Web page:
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Mediator could be called in to resolve Stormont welfare row

By Noel McAdam

Stormont Ministers are considering independent arbitration in an attempt to resolve the bitter impasse over welfare reform which could drain more than £100m from Executive funds this year.

Senior sources have confirmed that First Minister Peter Robinson made the suggestion as a way of attempting to end the deadlock over the UK-wide upheaval in the benefits system.

They also said there was broad support for the idea from Ulster Unionist, SDLP and Alliance ministers at a special Executive meeting on Monday.

Deputy First Minister Martin McGuinness is now expected to respond to the idea in the run-up to the next Executive meeting, but there was no immediate comment from Sinn Fein yesterday.

Both main parties do not anticipate reaching a full agreement over the long-running stand-off before the European Parliament and local government elections, now just six weeks away.

It is thought, although not confirmed, that both the DUP and Sinn Fein would have to agree in advance to accept the outcome of the arbitration exercise.

But it is unclear whether the Executive would appoint an independent person to conduct the mediation, or use another mechanism, such as Stormont's Performance, Efficiency and Delivery Unit (PEDU).

PEDU has previously investigated the inter-departmental muddle between government departments and agencies that was exposed by a series of severe flooding incidents in Northern Ireland.

However, there was no confirmation of a possible mediation deal from Social Development Minister Nelson McCausland, whose sub-committee of the Executive has failed to make progress on the issue over the last year.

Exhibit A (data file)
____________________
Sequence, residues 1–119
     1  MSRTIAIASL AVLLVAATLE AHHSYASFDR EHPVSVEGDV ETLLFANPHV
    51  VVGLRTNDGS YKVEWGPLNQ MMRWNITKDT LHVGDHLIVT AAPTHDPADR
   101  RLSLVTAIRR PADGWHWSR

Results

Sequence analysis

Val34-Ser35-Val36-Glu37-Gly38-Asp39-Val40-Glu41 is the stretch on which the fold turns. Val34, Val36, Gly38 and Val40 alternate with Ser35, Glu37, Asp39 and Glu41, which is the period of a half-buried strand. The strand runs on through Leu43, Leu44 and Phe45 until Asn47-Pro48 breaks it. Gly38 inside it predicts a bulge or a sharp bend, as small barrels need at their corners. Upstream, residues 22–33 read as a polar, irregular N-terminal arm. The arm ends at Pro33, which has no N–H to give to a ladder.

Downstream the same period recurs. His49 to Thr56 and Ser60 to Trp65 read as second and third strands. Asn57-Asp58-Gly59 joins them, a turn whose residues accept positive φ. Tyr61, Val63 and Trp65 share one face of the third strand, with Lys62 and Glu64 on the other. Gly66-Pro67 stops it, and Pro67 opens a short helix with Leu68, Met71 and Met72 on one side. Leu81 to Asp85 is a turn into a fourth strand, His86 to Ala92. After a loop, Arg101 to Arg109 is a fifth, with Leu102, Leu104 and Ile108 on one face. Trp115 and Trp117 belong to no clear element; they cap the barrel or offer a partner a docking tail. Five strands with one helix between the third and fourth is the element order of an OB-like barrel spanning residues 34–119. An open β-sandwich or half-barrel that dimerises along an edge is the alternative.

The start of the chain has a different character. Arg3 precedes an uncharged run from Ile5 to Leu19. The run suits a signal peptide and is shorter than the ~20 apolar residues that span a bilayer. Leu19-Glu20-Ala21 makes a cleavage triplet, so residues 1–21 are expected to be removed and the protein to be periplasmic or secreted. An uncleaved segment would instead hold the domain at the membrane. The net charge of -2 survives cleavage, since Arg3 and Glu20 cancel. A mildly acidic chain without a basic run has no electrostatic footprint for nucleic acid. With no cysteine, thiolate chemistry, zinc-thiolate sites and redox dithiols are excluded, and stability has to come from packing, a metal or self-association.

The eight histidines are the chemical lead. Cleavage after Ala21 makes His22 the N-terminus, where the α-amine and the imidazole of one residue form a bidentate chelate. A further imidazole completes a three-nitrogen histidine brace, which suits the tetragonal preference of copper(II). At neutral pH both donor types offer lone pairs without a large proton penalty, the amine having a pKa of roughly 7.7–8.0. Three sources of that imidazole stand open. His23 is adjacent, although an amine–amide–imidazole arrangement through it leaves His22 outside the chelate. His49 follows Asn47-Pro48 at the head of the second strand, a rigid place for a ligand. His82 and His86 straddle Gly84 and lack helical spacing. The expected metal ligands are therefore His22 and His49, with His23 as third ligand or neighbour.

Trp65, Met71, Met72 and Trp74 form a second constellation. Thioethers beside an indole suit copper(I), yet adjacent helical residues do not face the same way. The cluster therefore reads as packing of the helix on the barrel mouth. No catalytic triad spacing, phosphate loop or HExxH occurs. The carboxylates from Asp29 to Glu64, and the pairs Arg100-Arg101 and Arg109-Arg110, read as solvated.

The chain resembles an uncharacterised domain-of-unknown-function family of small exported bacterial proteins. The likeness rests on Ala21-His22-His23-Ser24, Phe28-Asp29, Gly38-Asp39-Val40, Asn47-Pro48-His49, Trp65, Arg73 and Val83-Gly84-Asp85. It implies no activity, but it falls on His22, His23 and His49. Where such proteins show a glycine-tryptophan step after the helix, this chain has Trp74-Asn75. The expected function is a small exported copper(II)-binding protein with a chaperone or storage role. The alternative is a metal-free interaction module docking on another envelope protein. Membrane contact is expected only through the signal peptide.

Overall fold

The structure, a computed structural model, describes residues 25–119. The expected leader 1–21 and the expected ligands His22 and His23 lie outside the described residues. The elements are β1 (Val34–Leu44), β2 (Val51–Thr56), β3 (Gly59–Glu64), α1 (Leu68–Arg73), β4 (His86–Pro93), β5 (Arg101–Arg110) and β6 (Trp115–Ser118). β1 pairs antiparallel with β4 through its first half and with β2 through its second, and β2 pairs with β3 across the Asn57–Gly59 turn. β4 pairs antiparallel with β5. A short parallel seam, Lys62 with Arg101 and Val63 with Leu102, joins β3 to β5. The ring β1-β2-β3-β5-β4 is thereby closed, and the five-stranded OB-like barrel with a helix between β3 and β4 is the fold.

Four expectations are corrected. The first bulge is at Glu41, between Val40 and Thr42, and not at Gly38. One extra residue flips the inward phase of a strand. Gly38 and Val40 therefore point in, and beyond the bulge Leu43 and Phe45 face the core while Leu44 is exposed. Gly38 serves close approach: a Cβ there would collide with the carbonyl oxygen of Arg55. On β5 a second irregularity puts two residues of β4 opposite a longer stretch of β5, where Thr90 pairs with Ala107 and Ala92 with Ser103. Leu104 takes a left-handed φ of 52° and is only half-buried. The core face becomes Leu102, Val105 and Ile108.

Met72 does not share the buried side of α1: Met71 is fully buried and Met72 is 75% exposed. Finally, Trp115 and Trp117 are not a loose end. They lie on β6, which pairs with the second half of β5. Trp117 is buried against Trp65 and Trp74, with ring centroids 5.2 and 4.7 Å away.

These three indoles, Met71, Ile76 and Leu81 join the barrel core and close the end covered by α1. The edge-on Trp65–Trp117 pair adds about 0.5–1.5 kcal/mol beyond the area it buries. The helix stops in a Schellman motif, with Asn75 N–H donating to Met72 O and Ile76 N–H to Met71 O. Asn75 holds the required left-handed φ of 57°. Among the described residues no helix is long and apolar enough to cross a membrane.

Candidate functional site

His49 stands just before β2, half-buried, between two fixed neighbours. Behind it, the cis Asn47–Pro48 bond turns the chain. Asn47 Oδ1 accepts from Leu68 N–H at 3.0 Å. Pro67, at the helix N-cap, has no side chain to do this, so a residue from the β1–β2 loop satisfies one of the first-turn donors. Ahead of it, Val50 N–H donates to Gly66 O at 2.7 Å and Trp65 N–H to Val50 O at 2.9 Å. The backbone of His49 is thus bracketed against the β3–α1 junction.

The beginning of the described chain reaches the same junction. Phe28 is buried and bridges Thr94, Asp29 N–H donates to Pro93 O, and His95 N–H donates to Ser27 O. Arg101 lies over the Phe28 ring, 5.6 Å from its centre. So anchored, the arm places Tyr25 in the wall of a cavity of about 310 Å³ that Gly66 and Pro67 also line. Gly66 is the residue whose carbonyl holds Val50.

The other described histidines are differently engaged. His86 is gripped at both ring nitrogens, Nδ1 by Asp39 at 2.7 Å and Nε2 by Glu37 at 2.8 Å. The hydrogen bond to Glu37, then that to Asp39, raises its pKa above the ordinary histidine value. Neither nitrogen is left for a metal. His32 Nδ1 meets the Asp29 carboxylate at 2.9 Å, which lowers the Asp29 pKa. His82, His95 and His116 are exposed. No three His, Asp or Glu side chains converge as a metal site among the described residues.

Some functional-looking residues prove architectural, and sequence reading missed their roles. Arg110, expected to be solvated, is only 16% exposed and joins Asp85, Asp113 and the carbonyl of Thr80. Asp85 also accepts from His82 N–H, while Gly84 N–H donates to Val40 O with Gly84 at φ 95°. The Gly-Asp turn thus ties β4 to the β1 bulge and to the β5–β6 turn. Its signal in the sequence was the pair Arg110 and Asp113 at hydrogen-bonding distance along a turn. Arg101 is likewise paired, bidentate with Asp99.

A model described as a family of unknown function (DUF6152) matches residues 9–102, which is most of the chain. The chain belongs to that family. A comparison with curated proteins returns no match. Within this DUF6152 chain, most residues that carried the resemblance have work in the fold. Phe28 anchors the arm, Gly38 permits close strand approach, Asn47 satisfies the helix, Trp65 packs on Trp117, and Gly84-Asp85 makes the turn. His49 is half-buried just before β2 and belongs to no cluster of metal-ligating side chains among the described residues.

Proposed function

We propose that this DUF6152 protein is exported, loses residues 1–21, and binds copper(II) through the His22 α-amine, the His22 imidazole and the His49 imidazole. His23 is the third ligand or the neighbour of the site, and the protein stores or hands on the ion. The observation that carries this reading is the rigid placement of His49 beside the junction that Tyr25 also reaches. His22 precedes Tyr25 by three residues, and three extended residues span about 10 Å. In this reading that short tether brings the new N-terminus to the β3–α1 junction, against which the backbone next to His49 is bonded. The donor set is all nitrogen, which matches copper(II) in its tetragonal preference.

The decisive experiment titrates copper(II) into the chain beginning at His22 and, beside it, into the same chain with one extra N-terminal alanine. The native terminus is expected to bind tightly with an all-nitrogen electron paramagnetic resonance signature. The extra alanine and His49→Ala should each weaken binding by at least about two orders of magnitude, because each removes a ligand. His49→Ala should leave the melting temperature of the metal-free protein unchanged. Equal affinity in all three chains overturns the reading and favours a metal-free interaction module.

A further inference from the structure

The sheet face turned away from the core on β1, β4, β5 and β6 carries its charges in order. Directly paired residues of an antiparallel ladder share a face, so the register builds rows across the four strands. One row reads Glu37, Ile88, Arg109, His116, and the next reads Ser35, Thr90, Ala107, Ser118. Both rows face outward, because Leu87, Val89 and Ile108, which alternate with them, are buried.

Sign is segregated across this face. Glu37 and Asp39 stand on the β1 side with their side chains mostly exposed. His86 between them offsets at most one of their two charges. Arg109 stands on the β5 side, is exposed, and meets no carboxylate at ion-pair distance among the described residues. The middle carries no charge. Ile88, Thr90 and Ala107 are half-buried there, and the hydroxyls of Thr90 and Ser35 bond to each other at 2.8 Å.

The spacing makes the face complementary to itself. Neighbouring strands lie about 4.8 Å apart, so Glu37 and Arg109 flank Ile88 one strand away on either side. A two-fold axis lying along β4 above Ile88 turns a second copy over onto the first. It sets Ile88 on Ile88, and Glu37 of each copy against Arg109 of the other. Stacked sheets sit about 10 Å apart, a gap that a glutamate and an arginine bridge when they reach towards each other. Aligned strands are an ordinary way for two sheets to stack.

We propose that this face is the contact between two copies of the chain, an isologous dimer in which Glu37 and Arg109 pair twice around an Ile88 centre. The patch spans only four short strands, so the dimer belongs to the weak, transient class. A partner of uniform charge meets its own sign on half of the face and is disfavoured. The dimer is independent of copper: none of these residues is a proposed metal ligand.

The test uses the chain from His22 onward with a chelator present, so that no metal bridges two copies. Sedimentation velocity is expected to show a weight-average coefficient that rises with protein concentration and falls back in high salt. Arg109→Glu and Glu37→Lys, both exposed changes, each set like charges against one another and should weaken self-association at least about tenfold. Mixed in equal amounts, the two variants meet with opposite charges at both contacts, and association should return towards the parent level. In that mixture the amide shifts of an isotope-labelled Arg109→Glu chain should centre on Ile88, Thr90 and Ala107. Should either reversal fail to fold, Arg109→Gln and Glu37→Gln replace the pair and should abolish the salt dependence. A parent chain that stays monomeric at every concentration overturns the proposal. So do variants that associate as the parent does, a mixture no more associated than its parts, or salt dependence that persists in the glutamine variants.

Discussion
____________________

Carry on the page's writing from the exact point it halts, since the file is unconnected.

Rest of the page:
A spokesman for Mr McCausland, whose department will be responsible for local implementation of the national changes, said: "We do not comment on or discuss Executive Business as it is confidential.

"If an announcement was to be made on any decision made by the Executive, it would come from OFMDFM."

Mr Robinson and Mr McGuinness were at loggerheads over the issue last week, with the deputy First Minister accusing Mr Robinson of crossing the line and the First Minister warning that responsibility for the benefits system here could go back to Westminster.

Mr Robinson claimed that Mr McGuinness had failed to "sell" an outline deal to the rest of Sinn Fein and had called a meeting with the First Minister on a Saturday to tell him so.

Slamming the breach of Executive confidentiality, Mr McGuinness said: "I think he crossed the line and I think it was a big mistake for him to cross that line."


A letter last week from Treasury secretary Danny Alexander to Stormont Finance Minister Simon Hamilton warned that Northern Ireland will lose £105m from its Westminster Block Grant this year over the failure to implement welfare reform.

In a long-running row, the DUP insists the consequences of non-compliance will be a devastating reduction in Government services, while Sinn Fein and the SDLP demand further talks.

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